It is recommended that instructors design class assessments that can easily be completed by students who were absent and that can be transferred to a remote environment if remote instruction becomes necessary.

Resources on how to use technology effectively for teaching, learning and assessment:

If you are ill or test positive for COVID

It is likely that during the course of the term, some instructors will develop symptoms or test positive for COVID-19 and will be required to isolate or quarantine, per UCLA guidelines — or they may be required to travel for work or another reason.

In these cases, you may teach up to two classes in a row remotely without prior authorization. Any shift to remote instruction that extends beyond two classes and lasts up to two weeks requires the approval of the department chair and/or dean; a change lasting longer than two weeks requires final approval from UCLA COVID-19 Response and Recovery Task Force’s Education Working Group.

Rather than shifting briefly to remote instruction, you may want to ask a fellow faculty member, co-instructor or teaching assistant to lead one or more or your classes if you will be unavailable.

Accessibility for students with disabilities

UCLA is committed to ensuring that students with disabilities have an equal opportunity to participate in the rich academic experience UCLA offers. The UCLA Center for Accessible Education will work closely with these students and their instructors to determine appropriate accommodations and develop a plan tailored to the needs of students in each their courses.

The UCLA Office of Information Technology’s Disabilities and Computing Program also helps to ensure that faculty and students are aware of accessible best practices and that academic content is available and understandable to all.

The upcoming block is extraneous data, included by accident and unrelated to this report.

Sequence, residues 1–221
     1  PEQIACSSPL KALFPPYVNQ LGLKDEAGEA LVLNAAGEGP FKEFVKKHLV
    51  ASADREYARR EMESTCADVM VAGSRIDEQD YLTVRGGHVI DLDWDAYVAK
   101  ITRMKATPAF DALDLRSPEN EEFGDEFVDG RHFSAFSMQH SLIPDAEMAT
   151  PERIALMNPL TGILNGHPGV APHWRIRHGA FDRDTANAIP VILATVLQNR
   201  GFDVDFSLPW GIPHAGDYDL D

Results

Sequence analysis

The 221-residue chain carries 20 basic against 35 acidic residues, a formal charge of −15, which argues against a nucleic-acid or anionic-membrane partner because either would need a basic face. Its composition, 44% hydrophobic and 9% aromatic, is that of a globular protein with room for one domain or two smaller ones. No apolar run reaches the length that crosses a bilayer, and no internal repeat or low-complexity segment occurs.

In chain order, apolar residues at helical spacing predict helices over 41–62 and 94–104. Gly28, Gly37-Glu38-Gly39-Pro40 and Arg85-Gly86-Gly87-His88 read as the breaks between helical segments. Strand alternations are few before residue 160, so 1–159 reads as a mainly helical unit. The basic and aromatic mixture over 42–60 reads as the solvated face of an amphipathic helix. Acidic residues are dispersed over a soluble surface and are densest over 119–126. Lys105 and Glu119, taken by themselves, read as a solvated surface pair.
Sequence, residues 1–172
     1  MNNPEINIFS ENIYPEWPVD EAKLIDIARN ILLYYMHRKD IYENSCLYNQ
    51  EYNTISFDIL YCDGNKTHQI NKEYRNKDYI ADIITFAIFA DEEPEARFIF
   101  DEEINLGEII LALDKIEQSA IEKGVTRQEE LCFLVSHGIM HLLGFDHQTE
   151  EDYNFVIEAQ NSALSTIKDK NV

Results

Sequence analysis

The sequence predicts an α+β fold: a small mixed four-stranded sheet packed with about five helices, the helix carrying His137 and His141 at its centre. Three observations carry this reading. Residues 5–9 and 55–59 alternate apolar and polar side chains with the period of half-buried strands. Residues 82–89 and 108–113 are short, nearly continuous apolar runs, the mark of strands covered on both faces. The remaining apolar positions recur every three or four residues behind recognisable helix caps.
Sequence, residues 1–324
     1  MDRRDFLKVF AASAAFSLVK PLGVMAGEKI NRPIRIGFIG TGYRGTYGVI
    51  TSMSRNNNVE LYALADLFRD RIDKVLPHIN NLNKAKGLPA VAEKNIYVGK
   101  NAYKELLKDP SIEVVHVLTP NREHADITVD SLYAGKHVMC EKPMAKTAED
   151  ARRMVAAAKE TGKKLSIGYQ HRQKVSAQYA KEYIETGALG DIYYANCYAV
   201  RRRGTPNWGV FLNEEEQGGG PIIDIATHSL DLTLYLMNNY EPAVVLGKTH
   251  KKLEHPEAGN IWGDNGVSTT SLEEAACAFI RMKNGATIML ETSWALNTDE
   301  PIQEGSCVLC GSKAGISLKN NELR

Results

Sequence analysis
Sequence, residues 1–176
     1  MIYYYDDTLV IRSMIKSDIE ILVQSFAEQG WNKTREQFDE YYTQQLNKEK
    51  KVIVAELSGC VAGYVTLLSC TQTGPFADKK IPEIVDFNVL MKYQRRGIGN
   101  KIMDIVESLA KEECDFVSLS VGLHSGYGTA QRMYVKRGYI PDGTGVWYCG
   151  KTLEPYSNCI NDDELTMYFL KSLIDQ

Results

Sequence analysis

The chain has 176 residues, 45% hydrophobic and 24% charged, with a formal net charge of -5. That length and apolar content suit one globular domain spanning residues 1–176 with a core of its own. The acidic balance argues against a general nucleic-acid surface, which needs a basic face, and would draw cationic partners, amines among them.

Dealing with violations of campus COVID protocols

There may be times when a student, after being reminded, continues to ignore campus health and safety protocols. Instructors are encouraged to report repeat violations to the Office of Student Conduct at or 310-825-3871. In addition, reports of violations may be made anonymously through UCLA’s whistleblower hotline at 800-403-4744. Reports of violations will generally be processed within one business day, and a determination will be made whether the violation was willful or not.

Students with willful violations, repeated violations or violations believed to have resulted in COVID-19 infections will face disciplinary measures up to and including exclusion from campus.

In general, instructors should do what they can to de-escalate situations of noncompliance, but it may be necessary to ask a noncompliant student to leave the classroom. If a student refuses to leave, instructors can consider ending the class or shifting to remote instruction for the day, although they are reminded to consider whether the risk posed by a noncompliant student justifies the learning disruption. All such instances should be reported, as above, to the Office of Student Conduct.

If faculty members or TAs demonstrate repeated noncompliance with health and safety protocols, a complaint can be made to the instructor’s department chair, divisional dean, academic personnel officer or the dean of students.

For full details of UCLA’s protocol on compliance and violations, see Compliance With Safety Measures (PDF).

Returning from travel

UCLA is following the travel advisory issued by the Los Angeles County Department of Public Health, based on guidance from the Centers for Disease Control and Prevention on returning from domestic and international travel.